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Plants were subjected to 24 h of light in the presence or absence of 20 mM KNO3. Leaves were subsequently harvested and ground using a cold mortar and pestle in a grinding buffer comprised of 50 mM MOPS (pH 7.5), 10 mM MgCl2 , 1 mM EDTA, 0.5 mg/mL DTT, and 0.1% Triton X-100 as described by Rawls (∼jrawls/bio410/LAB%20MANUALnri.pdf, September 29, 2004). The homogenate was filtered through one layer of miracloth to obtain a crude enzyme extract, which was used for in vitro reactions comprised of 0, 15, or 50 ␮L of extract, and 50 ␮L NADH (in some cases, NADH omitted). In control reactions, grinding buffer and H2 O were used as substitutions for extract and NADH, respectively. Twenty-five microliters of PCB 153 and standard assay solution (25 mM phosphate buffer at pH 7.5 and 10 mM KNO3 ) were added to all reactions. There were duplicates for each reaction, incubation occurred for 10 min at 30 ◦ C, and Zn acetate was used to stop each reaction. In vitro 1 mL reactions using a nitrate reductase from Z. mays (Sigma) consisted of 25 mM phosphate buffer (with 10 mM KNO3 and 0.05 mM EDTA), 2 mM NADH, 50 ppm of PCB 153, and for enhancement conditions, 3 mM Na2 MoO4 . Enzyme activity was 0.02 units/mL; pH was 7.3. After 10 min, reactions were stopped by placing samples in a boiling hot water bath. Experiments were repeated at least three times.

2.2. Nitrate reductase activity A colorimetric nitrite release assay was used to determine nitrate reductase activity as described by Bergmann and Sanik (1957) using sulfanilamide in HCl and N-(1-naphthyl)-ethylenediamine hydrochloride at a wavelength of 540 nm. Analysis of samples was done in duplicates.

2.3. Gas chromatography–mass Spectrometry (GC–MS) PCB 153 was first extracted from each in vitro sample by addition of an equal volume of a hexane:acetone (1:1) mixture and vigorous shaking. The upper layer was removed and transferred into a clean vial. GC–MS was done using Agilent 6890N interfaced with an Agilent 5973 inert Mass Spectra following methods of De et al. (2006b). Biphenyl (BPH) was used as an internal standard in the extraction of PCB. The PCB/BPH ratios were obtained according to the area percentage of the peaks and were used to assess the degradation of PCB. BPH retention time was 6.84 and 10.13, respectively.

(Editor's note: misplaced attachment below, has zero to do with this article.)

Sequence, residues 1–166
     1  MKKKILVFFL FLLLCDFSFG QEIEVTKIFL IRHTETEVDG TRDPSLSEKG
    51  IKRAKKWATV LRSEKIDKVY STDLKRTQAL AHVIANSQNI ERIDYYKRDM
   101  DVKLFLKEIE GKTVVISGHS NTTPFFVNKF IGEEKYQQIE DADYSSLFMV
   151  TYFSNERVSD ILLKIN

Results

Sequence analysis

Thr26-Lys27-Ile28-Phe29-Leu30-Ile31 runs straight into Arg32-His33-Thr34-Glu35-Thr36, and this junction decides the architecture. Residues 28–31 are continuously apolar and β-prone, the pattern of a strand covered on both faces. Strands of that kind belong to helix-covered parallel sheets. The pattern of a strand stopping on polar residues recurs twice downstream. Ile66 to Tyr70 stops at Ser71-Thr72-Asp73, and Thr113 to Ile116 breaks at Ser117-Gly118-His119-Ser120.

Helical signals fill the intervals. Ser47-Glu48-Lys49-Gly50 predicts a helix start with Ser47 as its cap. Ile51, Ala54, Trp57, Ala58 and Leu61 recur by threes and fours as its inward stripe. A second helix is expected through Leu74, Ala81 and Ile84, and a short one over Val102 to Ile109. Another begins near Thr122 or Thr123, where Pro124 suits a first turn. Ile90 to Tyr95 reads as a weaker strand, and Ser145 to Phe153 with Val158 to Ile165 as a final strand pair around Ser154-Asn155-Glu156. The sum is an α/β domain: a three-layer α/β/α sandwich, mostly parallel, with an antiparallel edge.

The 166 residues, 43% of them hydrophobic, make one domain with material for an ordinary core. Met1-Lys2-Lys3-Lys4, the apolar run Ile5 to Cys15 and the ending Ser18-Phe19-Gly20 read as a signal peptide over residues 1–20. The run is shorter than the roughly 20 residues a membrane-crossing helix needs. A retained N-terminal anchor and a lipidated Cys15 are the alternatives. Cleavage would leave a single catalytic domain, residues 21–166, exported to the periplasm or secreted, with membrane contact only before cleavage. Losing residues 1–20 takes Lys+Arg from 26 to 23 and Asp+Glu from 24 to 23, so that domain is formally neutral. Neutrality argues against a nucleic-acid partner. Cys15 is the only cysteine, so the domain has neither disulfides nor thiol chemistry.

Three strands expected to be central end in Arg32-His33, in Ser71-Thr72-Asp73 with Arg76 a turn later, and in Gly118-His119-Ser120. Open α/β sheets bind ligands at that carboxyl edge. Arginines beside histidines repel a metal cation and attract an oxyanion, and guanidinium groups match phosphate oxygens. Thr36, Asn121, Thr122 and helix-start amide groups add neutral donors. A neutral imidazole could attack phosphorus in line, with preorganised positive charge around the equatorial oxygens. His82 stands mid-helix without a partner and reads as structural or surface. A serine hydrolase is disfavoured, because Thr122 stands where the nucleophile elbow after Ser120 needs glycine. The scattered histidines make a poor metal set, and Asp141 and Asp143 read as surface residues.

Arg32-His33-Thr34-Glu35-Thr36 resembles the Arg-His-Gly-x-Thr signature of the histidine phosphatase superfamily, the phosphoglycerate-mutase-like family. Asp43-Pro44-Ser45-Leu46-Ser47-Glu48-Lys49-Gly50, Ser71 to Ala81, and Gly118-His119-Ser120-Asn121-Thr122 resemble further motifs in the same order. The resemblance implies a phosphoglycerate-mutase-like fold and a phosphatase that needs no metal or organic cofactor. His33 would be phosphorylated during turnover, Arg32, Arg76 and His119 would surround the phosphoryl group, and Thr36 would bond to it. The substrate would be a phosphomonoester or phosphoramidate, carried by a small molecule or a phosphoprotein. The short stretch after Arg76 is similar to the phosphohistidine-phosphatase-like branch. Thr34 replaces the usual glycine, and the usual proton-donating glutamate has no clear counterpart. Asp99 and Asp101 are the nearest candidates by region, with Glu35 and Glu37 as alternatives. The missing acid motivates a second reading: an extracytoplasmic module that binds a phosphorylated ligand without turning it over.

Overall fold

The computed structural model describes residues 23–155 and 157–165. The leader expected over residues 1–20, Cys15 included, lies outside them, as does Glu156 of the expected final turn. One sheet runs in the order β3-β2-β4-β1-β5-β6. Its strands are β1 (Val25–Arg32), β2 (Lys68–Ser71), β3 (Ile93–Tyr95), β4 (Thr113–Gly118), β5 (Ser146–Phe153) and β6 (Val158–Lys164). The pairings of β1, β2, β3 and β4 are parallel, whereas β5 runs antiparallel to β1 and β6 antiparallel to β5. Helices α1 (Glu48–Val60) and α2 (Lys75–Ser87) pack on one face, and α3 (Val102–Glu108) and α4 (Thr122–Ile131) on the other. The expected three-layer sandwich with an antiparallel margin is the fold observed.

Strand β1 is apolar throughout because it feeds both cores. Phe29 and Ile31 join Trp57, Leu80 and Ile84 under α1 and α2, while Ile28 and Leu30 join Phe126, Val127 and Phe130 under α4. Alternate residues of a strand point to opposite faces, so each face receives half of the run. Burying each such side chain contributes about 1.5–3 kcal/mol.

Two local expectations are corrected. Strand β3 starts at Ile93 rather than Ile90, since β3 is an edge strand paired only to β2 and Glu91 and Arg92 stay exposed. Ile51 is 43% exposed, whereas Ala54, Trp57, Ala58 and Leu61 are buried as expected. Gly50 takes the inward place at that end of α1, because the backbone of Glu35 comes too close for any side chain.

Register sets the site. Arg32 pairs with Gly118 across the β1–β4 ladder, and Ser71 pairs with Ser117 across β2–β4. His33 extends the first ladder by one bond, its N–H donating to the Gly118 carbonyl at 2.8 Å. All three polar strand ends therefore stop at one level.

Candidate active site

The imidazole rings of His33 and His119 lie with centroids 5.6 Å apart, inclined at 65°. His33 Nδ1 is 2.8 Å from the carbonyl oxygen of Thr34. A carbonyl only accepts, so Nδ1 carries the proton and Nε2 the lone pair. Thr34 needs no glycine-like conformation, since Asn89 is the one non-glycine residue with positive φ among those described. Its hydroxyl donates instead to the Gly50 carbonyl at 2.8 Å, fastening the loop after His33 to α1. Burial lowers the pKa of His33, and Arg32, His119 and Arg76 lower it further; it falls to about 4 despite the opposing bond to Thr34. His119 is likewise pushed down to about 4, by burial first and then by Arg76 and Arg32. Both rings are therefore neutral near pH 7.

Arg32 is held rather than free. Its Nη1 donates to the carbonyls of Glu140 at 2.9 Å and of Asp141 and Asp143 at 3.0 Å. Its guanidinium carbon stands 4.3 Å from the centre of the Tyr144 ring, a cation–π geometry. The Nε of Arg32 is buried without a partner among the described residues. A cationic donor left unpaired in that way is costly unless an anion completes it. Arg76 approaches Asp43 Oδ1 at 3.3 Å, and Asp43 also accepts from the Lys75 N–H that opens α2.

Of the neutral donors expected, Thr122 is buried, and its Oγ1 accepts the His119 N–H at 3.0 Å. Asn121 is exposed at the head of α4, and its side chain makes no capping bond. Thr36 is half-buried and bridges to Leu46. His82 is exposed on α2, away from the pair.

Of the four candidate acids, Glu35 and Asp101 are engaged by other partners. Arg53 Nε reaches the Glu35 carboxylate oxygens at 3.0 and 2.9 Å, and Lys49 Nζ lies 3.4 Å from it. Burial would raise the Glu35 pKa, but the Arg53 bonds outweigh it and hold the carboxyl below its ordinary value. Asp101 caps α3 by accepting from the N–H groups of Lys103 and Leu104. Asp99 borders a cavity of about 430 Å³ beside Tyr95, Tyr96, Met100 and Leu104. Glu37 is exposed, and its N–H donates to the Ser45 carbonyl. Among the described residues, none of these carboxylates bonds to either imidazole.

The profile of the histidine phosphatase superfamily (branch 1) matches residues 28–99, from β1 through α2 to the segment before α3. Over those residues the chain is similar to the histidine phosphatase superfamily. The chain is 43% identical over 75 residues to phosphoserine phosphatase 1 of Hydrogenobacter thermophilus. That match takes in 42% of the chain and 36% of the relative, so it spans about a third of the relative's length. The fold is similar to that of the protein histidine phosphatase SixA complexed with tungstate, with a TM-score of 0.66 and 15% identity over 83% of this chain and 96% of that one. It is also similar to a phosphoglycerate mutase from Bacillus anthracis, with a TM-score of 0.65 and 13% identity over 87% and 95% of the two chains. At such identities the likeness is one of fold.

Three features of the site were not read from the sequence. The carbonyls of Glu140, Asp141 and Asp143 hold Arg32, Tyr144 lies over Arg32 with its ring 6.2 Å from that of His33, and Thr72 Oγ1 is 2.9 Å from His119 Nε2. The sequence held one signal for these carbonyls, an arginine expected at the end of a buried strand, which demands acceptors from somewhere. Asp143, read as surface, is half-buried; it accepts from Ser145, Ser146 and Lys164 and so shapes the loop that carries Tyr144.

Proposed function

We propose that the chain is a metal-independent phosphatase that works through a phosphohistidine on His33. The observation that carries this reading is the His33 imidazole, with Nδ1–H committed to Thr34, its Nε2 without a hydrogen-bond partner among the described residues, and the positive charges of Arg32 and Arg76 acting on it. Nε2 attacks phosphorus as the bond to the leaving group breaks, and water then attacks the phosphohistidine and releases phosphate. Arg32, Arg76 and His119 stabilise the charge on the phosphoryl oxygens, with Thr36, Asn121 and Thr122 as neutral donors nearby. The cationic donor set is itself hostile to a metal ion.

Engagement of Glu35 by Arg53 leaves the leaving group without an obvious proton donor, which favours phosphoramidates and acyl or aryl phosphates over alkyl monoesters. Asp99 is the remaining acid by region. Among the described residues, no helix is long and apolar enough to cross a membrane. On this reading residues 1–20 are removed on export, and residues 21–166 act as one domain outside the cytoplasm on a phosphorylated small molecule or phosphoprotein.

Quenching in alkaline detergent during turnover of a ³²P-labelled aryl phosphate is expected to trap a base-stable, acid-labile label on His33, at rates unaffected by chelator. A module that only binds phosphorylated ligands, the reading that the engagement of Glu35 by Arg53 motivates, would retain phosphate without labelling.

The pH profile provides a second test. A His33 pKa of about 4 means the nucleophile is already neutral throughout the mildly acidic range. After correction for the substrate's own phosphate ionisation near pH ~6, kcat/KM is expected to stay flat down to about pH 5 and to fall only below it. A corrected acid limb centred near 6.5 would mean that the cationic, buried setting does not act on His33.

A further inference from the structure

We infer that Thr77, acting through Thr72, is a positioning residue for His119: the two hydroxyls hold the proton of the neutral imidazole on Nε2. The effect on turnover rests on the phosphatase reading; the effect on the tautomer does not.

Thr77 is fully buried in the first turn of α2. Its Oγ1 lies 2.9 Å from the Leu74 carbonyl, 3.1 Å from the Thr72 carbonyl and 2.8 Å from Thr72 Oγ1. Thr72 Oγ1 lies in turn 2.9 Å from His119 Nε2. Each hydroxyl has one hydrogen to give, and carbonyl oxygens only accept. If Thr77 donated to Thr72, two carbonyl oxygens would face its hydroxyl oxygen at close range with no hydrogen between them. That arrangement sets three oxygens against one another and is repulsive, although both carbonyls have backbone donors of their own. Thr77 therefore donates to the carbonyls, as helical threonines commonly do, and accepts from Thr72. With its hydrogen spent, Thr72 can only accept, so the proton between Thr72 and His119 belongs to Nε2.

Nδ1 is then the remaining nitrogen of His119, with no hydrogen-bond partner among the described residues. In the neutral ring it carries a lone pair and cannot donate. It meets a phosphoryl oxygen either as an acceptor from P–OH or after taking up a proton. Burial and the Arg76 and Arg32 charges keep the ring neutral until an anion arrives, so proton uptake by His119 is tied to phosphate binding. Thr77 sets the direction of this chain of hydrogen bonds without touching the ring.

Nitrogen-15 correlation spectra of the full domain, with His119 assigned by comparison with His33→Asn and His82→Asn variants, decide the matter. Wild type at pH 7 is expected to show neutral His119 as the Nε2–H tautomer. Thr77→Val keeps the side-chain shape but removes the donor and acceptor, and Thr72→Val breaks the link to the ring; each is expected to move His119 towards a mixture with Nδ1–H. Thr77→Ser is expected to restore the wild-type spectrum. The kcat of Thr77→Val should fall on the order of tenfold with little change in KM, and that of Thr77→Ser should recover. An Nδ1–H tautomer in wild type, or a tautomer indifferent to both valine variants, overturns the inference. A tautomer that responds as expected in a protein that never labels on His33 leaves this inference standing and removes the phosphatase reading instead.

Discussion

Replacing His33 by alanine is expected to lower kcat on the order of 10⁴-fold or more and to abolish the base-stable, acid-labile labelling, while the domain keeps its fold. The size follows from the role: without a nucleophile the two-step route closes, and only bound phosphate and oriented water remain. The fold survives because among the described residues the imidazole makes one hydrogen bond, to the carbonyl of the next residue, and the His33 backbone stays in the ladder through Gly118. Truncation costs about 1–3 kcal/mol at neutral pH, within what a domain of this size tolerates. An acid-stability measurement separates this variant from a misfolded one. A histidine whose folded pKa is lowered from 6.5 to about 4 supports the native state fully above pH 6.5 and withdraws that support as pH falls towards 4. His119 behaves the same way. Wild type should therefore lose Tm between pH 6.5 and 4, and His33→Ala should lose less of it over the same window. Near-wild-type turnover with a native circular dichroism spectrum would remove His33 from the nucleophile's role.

2.4. Fourier-transformed infrared spectroscopy (FTIR) Liquid samples from in vitro reactions were directly analyzed by the FTIR apparatus (GRL Laboratories, Washington, DC). Twenty-five scans were taken and averaged to obtain spectra between 1500 and 650 cm−1 . For qualitative FTIR analysis, the existence of the carbon–chlorine (C–Cl) functional group by the presence of its specific functional group peak was determined. A spectrum of PCB 153 dissolved in methanol at 1000 ppm was used to identify the C–Cl region and became a standard for all other spectra (Fig. 1b). For quantitative FTIR analysis, the strength (absorbance) of the absorption band was measured. Absorbance is proportional to the amount of the functional group (JASCO, Inc., Easton, MD).

Fig. 1. (a) PCB/BPH ratios after incubation in the presence or absence of varying amounts of M. sativa crude nitrate reductase extracts. Data shown represent one experiment. (b) Standard FTIR spectrum of PCB 153 showing C–Cl region at 820.31 cm−1 . Absorbance values obtained from the y-axis of respective FTIR spectra. (c) Dechlorination of PCB 153 after incubation in varying treatments of Z. mays nitrate reductase. While several FTIR analyses were done, the data shown represent one typical experiment.

3. Results

Table 1 The correlation of NO2 − production to M. sativa crude nitrate reductase extract amounts from KNO3 -treated plants and plants not treated with KNO3

3.1. Nitrate reductase activity

Plant extracta (␮L)

The production of NO2 − was initially observed to assess activity of M. sativa crude nitrate reductase extract from plants that were treated with KNO3 as well as from those not treated with KNO3 (Table 1). There generally was a decrease in NO2 − with a decrease in crude extract amount in both sets of plants. The values were 63.9 ± 0, 64.1 ± 0.1, and 62.8 ± 0 for 50, 50 (no NADH), and 15 ␮L of extract from KNO3 -treated plants, respectively. Control values (0 ␮L of extract and 0 ␮L of extract

Release of nitrite (NO2 − ) in treatment groups (nmol/mL) Nitrate (NO3 − )

0 0 (no NADHb ) 15 50 50 (no NADHb ) a b

62.0 60.9 62.8 63.9 64.1

± ± ± ± ±

0.2 0.1 0 0 0.1

Crude extracts containing nitrate reductase. 50 ␮L/ mL of NADH.

No Nitrate (NO3 − ) 61.1 61.0 62.0 62.8 62.0

± ± ± ± ±

0.1 0 0 0.45 0